Tobi Lütke loves snowboarding and programming. When he wanted to start an e-commerce business to sell snowboarding equipment, he found there was no good software to help get his online business up and running, so he coded it himself. It didn't take long for Lütke and his co-founder Scott Lake to realize that the snowboarding business didn't do well in the summer. However, subscriptions of the e-commerce platform Lütke built had started selling, and Shopify (NYSE:SHOP) was born.
Shopify's stock has been on a tear since the company's IPO, significantly beating the S&P 500. Shopify's platform supports 377,500 merchants today, an 814% increase from 2012. Through this tremendous period of growth, the company has been able to attract talented people because of a great culture and that has contributed to the company's amazing performance. Lütke, Shopify's founder and CEO, has had significant influence on what Shopify's culture is today. Let's go back in time to see how Lütke's early training as a programmer and his unwanted CEO promotion have shaped this fast growing e-commerce platform company's culture.
High school dropout -- and programmer
Lütke received his first computer at age six and by the time he was 12, he was rewriting the code for his computer games. He dropped out of high school at the age of 16 because, in his words, "computers were so much more interesting." Lütke was able to land a computer programming apprenticeship at Siemens in his German hometown. He ended up working for an unconventional boss named Jürgen, who made a tremendous impact on Lütke.
Jürgen was a rebel, he refused the corporate dress code, rebuffed the corporate standard programming language, and called people out on bad ideas in a public way. But everyone respected him because the team produced results. Lütke described the experience working for Jürgen in a blog titled "The Apprentice Programmer."
It was probably the most important thing that happened to me in my professional life. Jürgen was a master teacher. He created an environment in which it was not only possible but easy to move through 10 years of career development every year. It is a method and an environment which I am fiercely trying to replicate at Shopify.
Lütke spent seven years at Siemens before snowboarding and a girl from Ottawa got Lütke to move to Canada. In 2004, he started the online snowboard shop with Scott Lake.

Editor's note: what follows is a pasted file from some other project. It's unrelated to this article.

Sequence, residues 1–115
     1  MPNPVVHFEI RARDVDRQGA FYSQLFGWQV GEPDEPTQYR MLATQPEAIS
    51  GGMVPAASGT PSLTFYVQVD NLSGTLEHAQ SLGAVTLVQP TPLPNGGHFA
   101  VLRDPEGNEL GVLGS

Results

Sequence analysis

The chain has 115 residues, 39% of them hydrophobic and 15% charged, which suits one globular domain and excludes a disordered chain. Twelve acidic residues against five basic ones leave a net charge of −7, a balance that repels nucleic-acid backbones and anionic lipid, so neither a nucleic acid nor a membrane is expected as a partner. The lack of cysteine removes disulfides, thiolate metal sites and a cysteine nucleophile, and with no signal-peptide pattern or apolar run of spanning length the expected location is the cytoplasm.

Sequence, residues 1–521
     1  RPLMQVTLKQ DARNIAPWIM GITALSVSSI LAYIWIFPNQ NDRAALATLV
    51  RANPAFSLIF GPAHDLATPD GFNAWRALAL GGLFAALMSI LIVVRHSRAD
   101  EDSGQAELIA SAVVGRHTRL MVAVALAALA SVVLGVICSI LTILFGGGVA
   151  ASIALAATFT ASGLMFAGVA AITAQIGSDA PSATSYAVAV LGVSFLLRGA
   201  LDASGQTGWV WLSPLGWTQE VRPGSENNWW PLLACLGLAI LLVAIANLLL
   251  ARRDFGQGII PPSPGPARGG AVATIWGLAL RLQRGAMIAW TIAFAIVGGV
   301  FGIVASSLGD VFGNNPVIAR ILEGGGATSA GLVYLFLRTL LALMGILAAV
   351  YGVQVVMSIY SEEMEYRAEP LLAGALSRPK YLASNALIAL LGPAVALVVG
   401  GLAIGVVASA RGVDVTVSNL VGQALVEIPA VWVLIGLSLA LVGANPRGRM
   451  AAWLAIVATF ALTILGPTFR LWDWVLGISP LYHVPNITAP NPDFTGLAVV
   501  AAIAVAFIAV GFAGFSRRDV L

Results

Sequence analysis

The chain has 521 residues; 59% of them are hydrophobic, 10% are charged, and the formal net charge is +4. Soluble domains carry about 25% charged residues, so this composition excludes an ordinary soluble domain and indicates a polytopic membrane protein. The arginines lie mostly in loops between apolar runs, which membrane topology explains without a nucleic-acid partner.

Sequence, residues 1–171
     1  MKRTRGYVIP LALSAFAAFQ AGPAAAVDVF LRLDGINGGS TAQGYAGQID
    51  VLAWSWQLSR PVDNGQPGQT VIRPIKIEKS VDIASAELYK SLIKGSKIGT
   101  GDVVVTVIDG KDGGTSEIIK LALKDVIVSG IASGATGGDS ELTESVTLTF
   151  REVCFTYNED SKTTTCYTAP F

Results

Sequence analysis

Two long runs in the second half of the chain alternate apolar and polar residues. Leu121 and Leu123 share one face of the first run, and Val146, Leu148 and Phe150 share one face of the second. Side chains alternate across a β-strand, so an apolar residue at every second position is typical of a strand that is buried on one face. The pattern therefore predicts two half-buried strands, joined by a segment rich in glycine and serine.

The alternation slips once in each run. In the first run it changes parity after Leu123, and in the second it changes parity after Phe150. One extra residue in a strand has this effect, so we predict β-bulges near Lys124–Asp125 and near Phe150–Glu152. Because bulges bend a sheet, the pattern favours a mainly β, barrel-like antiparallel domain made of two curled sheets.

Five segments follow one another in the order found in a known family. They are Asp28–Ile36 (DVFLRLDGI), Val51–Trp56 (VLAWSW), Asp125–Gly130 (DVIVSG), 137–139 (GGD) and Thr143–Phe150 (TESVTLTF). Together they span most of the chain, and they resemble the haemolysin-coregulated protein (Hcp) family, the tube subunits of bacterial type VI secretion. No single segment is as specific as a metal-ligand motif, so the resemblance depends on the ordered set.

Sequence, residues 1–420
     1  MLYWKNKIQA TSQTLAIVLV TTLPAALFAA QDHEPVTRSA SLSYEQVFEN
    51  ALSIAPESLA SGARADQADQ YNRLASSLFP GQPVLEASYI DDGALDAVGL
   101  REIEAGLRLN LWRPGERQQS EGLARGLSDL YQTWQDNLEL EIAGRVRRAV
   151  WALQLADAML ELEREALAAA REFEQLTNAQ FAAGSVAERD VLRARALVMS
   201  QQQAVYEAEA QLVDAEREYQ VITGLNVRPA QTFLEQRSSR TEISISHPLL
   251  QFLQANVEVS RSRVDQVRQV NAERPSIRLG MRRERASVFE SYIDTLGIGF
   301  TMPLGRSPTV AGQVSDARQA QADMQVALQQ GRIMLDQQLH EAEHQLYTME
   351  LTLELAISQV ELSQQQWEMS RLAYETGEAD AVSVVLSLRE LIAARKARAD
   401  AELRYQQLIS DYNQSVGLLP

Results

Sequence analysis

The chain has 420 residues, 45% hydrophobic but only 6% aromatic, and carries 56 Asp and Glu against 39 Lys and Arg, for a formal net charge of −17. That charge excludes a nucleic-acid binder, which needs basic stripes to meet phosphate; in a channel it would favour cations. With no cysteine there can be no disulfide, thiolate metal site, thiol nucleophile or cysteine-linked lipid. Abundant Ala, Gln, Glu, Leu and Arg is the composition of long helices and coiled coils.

The unlikely CEO
Fast forward to 2008; Shopify had a staff of ten and $60,000 in revenue per month when his co-founder and CEO, Lake, decided to leave. Up to that point Lütke had been totally focused on the product and had no idea about the finances or business of Shopify, but now he had no choice but to step into the CEO role. Lütke said "When I took over as CEO, I had to essentially get an MBA in a couple of weeks."
Lütke dived in and read everything he could put his hands on about being a CEO and running a business. He decided to go to Silicon Valley to find a CEO and meet with venture capital (VC) firms about getting funding for Shopify. When he met with the VC's, they would use terms he didn't understand and ask questions about the business he couldn't answer. At night, Lütke would research to get the answers, so that for the next VC meeting, he'd be more prepared.
He didn't find a CEO on the trip to Silicon Valley, but he did learn the basics of being CEO of a start-up company. It was still a lean time at Shopify and he was still living at his girlfriend's parent's house and having his friends and family cover payroll. John Phillips, an early angel investor, convinced Lütke to stay on as CEO.
Because Lütke kept getting thrown into unfamiliar situations and would emerge a more capable person, personal development has become a defining part of Shopify's culture today.
Shopify couldn't build a fantastic business that serves hundreds of thousands of merchants without having a strong culture of achievement. Lütke constantly challenges his team to do more, just like Jürgen did for him at Siemens, and it has trickled down throughout the Shopify organization. Looking over Shopify's career page in the "Life at Shopify" section personal development is front and center with the subtitle "We care about growing great people". The culture of learning is further emphasized in the following description.
Your personal growth is important to us, and we'll give you everything you need to make it happen... We encourage you to experiment, take risks, and pursue the things you care about. And if you make a mistake? That's ok – learn from it, and share your experience with the team... We're growing quickly, so there are plenty of opportunities to learn and grow.
It seems that the experiences Lütke had as a high school dropout have created a great place to work since Shopify was named the #1 Best Place to Work in Canada by Glassdoor for 2017.
Why it matters for investors
Buck Hartzell, Director of Investor Learning and Operations at The Motley Fool, wrote an article titled 6 Inviolable Rules for Analyzing Stocks, in which he discussed the importance of culture. "The great businesses have dynamic leaders who build outstanding cultures. Those cultures don't always prevent mistakes, but they do allow the company to adapt more quickly and learn from failure." Hartzell went on to say that investors would do well to look for companies with a learning culture.
It would seem that Shopify fits Hartzell's mold for having a learning culture, and it's no accident that that atmosphere has produced incredible financial results -- the stock has soared as the company's monthly recurring revenue has climbed at a compound annual growth rate of 81% over the past five years. The learning culture that Tobi Lütke has built at Shopify is a key reason why this business has been successful and will continue to be successful long into the future.